Monday, February 8, 2021

    Every minute of every day, my phone is parked beside me, unless I’ve misplaced it, in which case I search for it, and it’s beside me again. Is my phone necessary, like air or water? Or is it an addiction, like a bottle of wine a day or Vicodin?

   After half a lifetime driving with maps sprawled out on the car’s front seat or a printout of MapQuest blowing about the dashboard, the wonder of a voice calling out, “Turn left on Roast Meat Mill Road and follow for half a mile” is never wasted on me. Without my phone, I’d be lost. In fact, because I possess absolutely no sense of direction, without a phone, I was lost.

   In dumping all the responsibility for discovery on my phone, however, am I shortchanging myself? Have I lost any ability to read a map? Have I lost my understanding of where I am in the greater scheme of things? Without my phone, can I remember my way home?

   Years ago, scientists at the California Institute of Technology figured out that humans carry a tiny crystal of magnetic material, magnetite, in the ethmoid bone. The ethmoid bone is tucked behind the nose, right between our eyes. Homing pigeons, migratory salmon, bats, honeybees all get their flawless sense of direction from magnetite. 

   Magnetite makes the ethmoid bone alert to the earth’s magnetic field, and that boosts our sense of direction. 

   Smack in the middle of our faces, a compass waits to show us the way. But in the past decades, we chose to turn to all sorts of technological devices to smooth the ride instead. TVs, phones, laptops, iPads: our eyes glue to them.  

   Americans clocked an average of five hours of free time each day, according to a 2019 RAND Corporation study that analyzed information gathered from tens of thousands of Americans from 2014 to 2016. The study found that even with all that extra free time, most people spent only 7 percent of their time on physical activity. For the rest, we sat in front of screens. 

   Which is what I’m doing right now. I’m no preacher. I’m just the messenger. 

   But I offer an idea.

   In the age of the pandemic, my reliance on screens has grown more potent than ever. Zoom calls keep me connected to the pulse of the world outside my window. TV shows – have you discovered “Lupin” on Netflix? I know, I’m not helping – distract me from Covid and winter’s cold. The phone – yes, that pocket-sized rectangle that hauls around a universe of information – lures me onto Instagram, into the New York Times, back to my text chains.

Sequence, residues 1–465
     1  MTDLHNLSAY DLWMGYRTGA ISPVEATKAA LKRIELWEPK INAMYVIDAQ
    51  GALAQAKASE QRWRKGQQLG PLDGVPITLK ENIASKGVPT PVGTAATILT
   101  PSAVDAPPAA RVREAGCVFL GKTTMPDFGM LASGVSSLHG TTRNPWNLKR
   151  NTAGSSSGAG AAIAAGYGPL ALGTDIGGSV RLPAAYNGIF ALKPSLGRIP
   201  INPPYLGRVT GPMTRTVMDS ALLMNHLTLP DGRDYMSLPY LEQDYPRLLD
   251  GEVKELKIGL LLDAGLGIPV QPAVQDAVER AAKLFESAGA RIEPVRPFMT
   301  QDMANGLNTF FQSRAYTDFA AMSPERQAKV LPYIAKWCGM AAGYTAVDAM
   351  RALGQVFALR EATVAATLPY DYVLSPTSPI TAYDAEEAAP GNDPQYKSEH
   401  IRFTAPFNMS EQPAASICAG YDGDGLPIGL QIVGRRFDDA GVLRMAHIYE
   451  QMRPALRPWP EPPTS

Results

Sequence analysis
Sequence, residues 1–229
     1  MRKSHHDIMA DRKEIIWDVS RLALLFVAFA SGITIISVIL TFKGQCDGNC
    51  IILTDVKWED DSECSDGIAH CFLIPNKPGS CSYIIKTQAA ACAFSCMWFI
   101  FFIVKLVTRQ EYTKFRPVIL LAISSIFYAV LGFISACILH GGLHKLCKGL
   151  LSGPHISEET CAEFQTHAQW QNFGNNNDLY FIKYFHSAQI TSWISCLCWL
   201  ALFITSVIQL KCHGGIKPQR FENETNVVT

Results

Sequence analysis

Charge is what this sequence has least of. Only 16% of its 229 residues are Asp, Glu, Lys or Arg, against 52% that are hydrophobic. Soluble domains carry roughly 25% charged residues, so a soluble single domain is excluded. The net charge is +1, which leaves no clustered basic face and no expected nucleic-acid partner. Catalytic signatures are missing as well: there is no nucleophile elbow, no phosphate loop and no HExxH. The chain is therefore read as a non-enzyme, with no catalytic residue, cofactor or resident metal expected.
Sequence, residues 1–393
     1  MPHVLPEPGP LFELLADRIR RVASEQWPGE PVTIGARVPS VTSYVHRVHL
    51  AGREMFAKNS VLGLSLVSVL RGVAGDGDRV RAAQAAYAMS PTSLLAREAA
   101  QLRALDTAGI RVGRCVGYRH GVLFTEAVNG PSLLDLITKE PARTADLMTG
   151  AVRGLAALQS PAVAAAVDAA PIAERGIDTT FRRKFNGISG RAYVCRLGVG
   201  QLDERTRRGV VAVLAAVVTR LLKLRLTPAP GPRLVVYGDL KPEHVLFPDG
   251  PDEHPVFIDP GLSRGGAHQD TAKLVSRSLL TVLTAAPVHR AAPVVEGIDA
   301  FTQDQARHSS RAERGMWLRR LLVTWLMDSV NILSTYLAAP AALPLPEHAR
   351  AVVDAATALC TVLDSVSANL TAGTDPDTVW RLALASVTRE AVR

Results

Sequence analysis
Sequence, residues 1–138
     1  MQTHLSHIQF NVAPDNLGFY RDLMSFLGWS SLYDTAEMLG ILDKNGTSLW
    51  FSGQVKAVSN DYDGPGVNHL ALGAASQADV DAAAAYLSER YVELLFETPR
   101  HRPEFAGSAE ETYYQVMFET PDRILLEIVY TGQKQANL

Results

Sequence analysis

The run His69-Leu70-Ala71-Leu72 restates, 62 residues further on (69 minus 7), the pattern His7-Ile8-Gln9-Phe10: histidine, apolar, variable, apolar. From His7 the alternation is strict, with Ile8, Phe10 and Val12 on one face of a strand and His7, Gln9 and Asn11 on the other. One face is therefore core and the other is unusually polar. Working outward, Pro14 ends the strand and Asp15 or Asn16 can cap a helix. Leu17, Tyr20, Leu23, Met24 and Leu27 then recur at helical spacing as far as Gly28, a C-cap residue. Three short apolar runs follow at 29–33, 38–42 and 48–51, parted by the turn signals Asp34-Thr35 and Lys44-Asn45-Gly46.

For years I lived without this information, and now I’m in a panic to ensure that, at every second, I can access it. 

    I’ve grown into Pavlov’s dog. And I need to take a break. 

    I’m challenging you to take one too. 

    Pick a day when you can step away from your computer, your phone, the TV.  Saturday, say, as long as your job doesn’t include Saturday. Read a book. Bake cookies. Play the violin, the piano, the guitar. Play chess. Needlepoint, knit, sew. Organize your workbench. Jog in place.

    Go for a walk. Up by me, a foot of snow cloaks the ground. That’s no excuse. I own boots. Snowpants. A buff to keep the cold from scorching my face.

   Ski. Snow shoe. Hike.

   Grab a camera, step outdoors, and make permanent the temporal nature of our existence. Grab binoculars, step outdoors, and wallow in the tenacity of birds, squirrels, field mice and more to make do in winter. Grab a notebook and pen, step outdoors, and wax poetic on the nature of nature. 

    Breathe a long breath and return to the core of who you are as an independent human. 

    With your very own compass in your very own nose. 

    For the purposes of this blog, if you are moved to write, sit down with a pen and paper, and chronicle your day. 

    As always, have fun. When you are done, read your work to a loved one, your cat, dog, or gerbil. The oven. The stars in the sky. If you are a participant or have been in the Candlelight Writing Workshops, send your story along to me. But not until Sunday, when you are back to the laptop, iPad, or phone. 

    I’d love to read it.

— Jane